• Depending on the light levels available it is practicable to use a variety of detecting systems from conventional photographic or TV vidicon systems at high light levels to cooled slow scan CCD based imaging systems, such as the CCD 2000 Imaging System, for use at lower light levels.
  • In this connection, it is to be appreciated that although a multiple fluorescent system is advantageous, problems can arise therewith. In particular, the emission wavelengths are not single wavelengths but often have a significant wavelength range throughout which the fluorescent dye produces significant emission. The use of a cooled slow scan CCD system such as the CCD 2000 Imaging System has the advantage of high sensitivity and dynamic range, so that it is practicable to distinguish fluorescent dyes with somewhat overlapping emission spectra by the emission intensities of a sample in several adjacent wavelength regions.
  • Insead of using several dichroic filters and interference filters as in the arrangement of Figure 2, it may be advantageous when dealing with complex samples containing many fluorescent target components to use a long slit spectrograph to analyse the fluorescent emission spectra of sample 80 from a spectral line imaged onto the slit of the spectrograph 82 (Figure 3). Again, the detector 84 of choice may be a cooled slow-scan CCD system such as the CCD 2000 Imaging System, but depending on the available light levels could be a more conventional TV imaging system such as a vidicon, SIT or ISIT vidicon.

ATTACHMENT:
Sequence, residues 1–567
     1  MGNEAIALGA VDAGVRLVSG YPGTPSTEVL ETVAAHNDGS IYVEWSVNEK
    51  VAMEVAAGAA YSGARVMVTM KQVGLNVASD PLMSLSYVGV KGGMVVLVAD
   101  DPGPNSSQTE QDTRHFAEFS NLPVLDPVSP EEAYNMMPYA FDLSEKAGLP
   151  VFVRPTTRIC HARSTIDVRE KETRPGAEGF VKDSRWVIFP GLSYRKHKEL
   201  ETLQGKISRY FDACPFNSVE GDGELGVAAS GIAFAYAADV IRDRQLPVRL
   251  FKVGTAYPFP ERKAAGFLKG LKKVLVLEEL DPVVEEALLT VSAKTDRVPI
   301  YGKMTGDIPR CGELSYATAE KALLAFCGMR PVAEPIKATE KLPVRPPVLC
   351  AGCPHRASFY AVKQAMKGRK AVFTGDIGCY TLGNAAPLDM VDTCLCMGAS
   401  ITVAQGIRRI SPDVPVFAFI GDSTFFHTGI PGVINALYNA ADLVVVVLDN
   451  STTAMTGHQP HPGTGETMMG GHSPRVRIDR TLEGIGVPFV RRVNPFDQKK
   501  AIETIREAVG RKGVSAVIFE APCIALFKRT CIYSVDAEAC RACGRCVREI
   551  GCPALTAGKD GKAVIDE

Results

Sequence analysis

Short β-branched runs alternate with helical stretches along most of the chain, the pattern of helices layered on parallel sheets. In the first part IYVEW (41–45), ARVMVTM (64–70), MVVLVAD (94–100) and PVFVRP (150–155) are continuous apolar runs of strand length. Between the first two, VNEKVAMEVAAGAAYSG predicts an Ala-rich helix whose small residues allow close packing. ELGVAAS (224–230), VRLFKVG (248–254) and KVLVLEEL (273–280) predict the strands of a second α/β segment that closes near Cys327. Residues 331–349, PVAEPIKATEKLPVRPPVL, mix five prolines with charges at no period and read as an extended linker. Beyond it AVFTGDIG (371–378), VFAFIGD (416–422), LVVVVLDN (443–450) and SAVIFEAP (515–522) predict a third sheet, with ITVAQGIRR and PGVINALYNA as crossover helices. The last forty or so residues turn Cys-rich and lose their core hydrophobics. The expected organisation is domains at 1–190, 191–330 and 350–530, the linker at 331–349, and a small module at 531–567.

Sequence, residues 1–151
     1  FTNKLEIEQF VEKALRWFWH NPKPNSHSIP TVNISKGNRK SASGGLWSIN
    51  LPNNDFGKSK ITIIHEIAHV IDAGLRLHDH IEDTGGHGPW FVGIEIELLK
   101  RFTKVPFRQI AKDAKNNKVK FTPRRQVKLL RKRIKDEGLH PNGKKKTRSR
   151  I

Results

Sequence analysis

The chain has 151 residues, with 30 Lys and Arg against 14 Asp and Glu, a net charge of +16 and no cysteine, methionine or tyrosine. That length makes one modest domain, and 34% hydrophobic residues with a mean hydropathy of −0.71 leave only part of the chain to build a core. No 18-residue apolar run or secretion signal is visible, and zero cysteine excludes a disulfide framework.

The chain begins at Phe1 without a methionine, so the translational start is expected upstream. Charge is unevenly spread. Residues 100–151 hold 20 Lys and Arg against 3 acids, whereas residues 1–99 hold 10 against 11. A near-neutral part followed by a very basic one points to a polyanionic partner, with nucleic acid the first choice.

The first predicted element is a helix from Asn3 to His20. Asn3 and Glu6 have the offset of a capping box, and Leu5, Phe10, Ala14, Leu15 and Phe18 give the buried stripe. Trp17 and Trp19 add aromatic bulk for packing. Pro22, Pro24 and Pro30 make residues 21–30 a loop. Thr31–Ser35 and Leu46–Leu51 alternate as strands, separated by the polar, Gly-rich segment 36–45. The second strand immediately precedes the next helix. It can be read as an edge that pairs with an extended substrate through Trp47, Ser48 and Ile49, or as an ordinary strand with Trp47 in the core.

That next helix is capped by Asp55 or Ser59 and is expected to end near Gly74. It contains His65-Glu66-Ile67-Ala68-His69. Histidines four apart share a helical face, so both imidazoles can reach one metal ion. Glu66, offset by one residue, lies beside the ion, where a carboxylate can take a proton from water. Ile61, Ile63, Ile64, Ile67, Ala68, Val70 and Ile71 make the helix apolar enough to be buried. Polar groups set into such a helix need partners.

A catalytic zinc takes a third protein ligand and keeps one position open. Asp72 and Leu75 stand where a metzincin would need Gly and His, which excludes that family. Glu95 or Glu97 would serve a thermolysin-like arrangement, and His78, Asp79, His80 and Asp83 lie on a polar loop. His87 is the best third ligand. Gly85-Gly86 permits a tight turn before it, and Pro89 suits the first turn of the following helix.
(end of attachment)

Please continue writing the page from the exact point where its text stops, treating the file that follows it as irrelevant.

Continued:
• The illustrated output image format 86 consists of a series of spectra of the light from each component of the sample imaged onto the spectrograph slit. Analysis of the details of the spectra allows accurate identification and quantitation of the components respectively marked by the differing fluorescent dyes mixed with the sample. Thus, each element of the spectrograph slit produces a spectral image line 88 or 90 for a given target component. Due to the fluorescent marker associated with the marked component imaged at 90, the spectral line contains an additional emission peak 92 when compared with the spectral line 88.